The latest developments come four years after London-based legal firm Holman Fenwick Willan, who were acting for Duff and Phelps, was awarded £500,000 costs after police and prosecutors were found by the High Court in London to have "abused state powers" by carrying out an illegal raid and seizing privileged documents in connection with the failed Rangers fraud case.

It emerged last month that former Rangers director Imran Ahmad was to receive a public apology from the head of Scotland's prosecution service and significant damages after he was wrongly pursued prosecution on fraud charges.

He initially wanted £2m in damages but it is understood he is now claiming tens of millions of pounds.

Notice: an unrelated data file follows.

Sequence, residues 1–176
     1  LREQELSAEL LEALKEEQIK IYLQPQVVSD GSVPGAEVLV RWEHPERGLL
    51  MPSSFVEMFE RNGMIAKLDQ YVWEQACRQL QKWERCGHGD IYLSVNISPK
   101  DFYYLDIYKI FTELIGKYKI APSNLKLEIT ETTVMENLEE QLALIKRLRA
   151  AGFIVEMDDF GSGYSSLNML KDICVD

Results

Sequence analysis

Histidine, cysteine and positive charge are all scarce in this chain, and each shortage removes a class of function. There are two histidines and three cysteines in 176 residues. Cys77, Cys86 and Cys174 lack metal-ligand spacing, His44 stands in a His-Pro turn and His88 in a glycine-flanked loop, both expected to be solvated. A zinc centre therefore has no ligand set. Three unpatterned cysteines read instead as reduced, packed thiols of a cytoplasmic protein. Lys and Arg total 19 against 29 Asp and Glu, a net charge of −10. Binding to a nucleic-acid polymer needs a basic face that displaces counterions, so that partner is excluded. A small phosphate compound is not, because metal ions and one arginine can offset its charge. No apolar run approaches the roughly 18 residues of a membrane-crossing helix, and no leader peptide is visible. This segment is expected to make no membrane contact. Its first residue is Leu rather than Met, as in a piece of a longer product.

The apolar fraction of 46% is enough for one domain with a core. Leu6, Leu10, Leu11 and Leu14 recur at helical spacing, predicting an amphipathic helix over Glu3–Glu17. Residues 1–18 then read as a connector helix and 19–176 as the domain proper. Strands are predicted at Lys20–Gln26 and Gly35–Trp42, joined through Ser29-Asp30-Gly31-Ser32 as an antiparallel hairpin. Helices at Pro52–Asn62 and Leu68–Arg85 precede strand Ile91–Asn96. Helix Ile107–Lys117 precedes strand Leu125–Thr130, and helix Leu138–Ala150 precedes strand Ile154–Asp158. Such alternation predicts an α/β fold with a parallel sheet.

Former Rangers chief executive Charles Green is also suing Police Scotland for wrongful arrest after charges against him were dropped.

The Lord Advocate and chief constable had been contesting the actions.

In June, last year, the Herald revealed the Crown Office paid compensation estimated at £80,000 to Mr Whitehouse and his wife over the granting of a restraint order over his assets which Scotland's chief legal officer admitted was "wrongful".

The Whitehouses had said that the granting of a restraint order in connection with the Rangers fraud case, which was eventually reversed, led to a loss in a particular investment opportunity, issues with making financial transactions and that they suffered a "loss of reputation, anxiety and distress".